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2-25. Summary

Childbirth can occur at any moment of the day or night, under any conditions.

You, as a medical specialist, can help in the greatest miracle in life, assisting in bringing a life into the world. Usually, there are no complications. If there is a problem, however, you need to know the warning signs and the appropriate actions to take. Your knowledge as well as your calm, supportive, and professional manner can make the delivery safe for the mother and newborn child.


  1. Be calm. Reassure the mother that you are there to assist her with the delivery.
  2. Provide an environment which is as quiet and private as possible.
  3. Position the mother as comfortably as possible and concentrate on helping the mother stay in control
  4. DO NOT allow the mother to strain or push during the early stages of labor. This may cause the cervix to become swollen and unable to dilate. Pushing or straining might also cause additional bleeding and distress to the mother.
  5. Before or during labor, the amniotic sac should burst. Also, some blood-tinged mucus may appear.
  6. Watch for the baby's head to emerge or "crown" at the vagina.
  7. Permit the head to deliver between contractions. This avoids perianal tearing and injury to the baby's head from the sudden release of pressure.
  8. In a normal delivery, when the baby's head emerges, it faces down and then turns. Check to see if the amniotic sac covers the baby's face.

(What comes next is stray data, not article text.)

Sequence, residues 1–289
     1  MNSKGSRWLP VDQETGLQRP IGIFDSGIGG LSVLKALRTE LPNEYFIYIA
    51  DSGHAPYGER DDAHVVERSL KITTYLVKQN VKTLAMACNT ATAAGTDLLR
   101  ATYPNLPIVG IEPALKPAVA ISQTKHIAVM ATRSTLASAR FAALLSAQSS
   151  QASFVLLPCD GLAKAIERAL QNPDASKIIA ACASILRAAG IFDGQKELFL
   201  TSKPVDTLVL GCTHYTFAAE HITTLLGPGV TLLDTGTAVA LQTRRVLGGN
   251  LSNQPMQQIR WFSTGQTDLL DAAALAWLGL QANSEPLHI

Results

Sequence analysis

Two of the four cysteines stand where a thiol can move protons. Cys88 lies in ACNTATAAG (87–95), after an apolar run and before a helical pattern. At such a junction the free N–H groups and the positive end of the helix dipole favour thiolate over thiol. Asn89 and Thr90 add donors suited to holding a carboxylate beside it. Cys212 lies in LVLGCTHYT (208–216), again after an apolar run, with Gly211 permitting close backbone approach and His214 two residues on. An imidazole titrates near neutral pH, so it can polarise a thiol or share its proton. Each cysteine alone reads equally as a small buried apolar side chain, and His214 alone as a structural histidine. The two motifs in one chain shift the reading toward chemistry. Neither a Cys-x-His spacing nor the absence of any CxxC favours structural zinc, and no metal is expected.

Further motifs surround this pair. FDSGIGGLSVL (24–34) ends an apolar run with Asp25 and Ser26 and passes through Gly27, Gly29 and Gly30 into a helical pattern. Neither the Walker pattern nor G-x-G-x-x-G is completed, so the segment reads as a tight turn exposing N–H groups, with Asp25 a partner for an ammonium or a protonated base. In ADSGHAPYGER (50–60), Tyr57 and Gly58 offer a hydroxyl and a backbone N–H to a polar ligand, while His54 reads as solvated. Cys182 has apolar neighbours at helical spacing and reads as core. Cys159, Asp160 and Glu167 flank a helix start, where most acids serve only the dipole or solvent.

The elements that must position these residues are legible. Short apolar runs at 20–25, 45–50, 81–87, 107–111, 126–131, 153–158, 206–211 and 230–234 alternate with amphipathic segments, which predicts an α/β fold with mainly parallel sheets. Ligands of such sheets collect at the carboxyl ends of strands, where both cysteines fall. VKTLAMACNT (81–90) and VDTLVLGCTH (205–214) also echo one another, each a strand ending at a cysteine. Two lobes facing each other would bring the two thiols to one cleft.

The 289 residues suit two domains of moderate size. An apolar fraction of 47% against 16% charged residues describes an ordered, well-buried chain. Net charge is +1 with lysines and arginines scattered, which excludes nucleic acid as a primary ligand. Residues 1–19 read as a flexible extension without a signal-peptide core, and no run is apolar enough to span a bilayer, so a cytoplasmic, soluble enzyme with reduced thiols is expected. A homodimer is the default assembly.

9. As soon as the baby's face is visible, support the head with one hand and wipe the baby's nose and mouth.
  10. Check to see if the umbilical cord is around the baby's neck. If the cord is around the baby's neck, use two fingers to slip the cord over the baby's shoulder. Clamp and cut the cord only if you cannot dislodge it.
  11. Normally, the baby's shoulders will rotate, and the upper shoulder will be born first. To help the shoulder out, support the head in an upward position.
  12. As the baby's body is expelled, support the head and body with both hands. If possible, note and record the time of the baby's birth and the baby's Apgar point count.
  13. Place the baby on his back with the head slightly lower than the rest of the body. Turn the baby's head to one side to allow mucus and fluid to drain.
  14. Wipe the baby's face with sterile gauze. Suction the baby's nose and mouth again
  15. Clamp or tie off and cut the umbilical cord after the cord has ceased to pulsate.
  16. As soon as the baby is breathing and crying, dry him in a towel. Then, if you have a blanket, wrap the baby in it.
  17. Give the baby to the mother to hold and/or nurse, if possible. Massage the mother's uterus through the abdomen. This aids in the delivery of the placenta and reduces the chances of the mother hemorrhaging.
  18. Check the placenta for completeness. Wrap the placenta in a towel and place the towel-wrapped placenta in a plastic bag or container.
  19. Place a sterile pad over the mother's vaginal opening. Remove any drainage-soaked linen from under the mother and wrap her warmly.
  20. Continue massaging the mother's uterus through the abdomen to ensure the uterus remains contracted. Monitor and record the mother's vital signs.
  21. Transport the mother and baby carefully to a medical treatment facility. In a normal delivery, it is not necessary for the transporting vehicle to use its light, siren, or to travel very fast.

David L. Heiserman, Editor

Copyright   SweetHaven Publishing Services
All Rights Reserved

Revised: June 06, 2015